My Packard Story: Annie

Volunteering at Packard Children’s for 20 years has been an especially meaningful way for Annie to demonstrate her support for children’s health. Watch her story here.


[Video Transcript]

As a volunteer you never know how exactly you’re going to touch a family — it can be something really small, just making a kid smile before they head home. I first started volunteering at Packard Children’s Hospital when the hospital opened. I have worked probably in every single department at the hospital, but I have found my passion in the recovery room at the direction of the nurses.

Donor support is so important to Packard Children’s Hospital for a couple reasons. Number one: it provides high-quality healthcare to everyone who comes through the door. Secondly: it fuels research and breakthroughs in pediatric healthcare. I think legacy gifts are really important because it allows an individual or a family who’s been touched by some contribution at the hospital to make a sizable donation on their behalf or on behalf of their family. The importance of my gift is to really provide a legacy for the volunteer work that I’ve done for the past 20 years.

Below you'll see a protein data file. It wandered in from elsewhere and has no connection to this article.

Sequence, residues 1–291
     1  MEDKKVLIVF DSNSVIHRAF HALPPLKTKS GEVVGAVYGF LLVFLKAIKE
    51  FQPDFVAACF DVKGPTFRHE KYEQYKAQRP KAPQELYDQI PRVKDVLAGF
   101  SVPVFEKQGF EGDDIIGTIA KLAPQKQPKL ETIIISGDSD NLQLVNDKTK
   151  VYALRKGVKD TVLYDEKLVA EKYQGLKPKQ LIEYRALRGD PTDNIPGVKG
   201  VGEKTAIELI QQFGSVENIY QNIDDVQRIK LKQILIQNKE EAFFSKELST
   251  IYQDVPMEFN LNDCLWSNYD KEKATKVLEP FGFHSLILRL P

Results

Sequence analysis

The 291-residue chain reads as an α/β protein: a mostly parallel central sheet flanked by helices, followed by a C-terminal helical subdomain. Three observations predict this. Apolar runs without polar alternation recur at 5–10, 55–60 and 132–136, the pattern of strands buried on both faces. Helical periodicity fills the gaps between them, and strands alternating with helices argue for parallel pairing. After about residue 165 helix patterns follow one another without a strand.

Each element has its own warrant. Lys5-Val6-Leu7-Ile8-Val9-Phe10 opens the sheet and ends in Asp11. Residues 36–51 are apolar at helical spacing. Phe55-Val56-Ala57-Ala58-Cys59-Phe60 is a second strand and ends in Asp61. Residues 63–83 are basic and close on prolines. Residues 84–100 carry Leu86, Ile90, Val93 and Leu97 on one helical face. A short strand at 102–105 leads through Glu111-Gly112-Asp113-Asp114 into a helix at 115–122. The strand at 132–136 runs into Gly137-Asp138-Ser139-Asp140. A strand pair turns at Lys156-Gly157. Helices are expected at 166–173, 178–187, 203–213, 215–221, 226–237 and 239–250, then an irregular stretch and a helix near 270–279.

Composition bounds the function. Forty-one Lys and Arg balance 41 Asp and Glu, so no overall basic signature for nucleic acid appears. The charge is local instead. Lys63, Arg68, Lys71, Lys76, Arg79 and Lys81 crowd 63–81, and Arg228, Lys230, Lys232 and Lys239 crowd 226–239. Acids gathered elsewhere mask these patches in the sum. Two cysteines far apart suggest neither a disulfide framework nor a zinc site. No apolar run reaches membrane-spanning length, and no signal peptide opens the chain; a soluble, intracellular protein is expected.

I didn’t have children myself, and on the little street that we have there are 35 children and I wanted to make sure that each and every one of those children would have the ability to have high-quality care at the hospital.

Lucile Salter Packard Society is a collection of individuals in the community that have made legacy gifts to the hospital. One of the benefits for me, personally, is that it gives me the opportunity to engage with other legacy donors. I would encourage more people to consider making a legacy gift to Packard Children’s because you never know when you are going to need the services, and also to make sure we ensure quality care for the larger community.


Leave a Reply

  • (will not be published)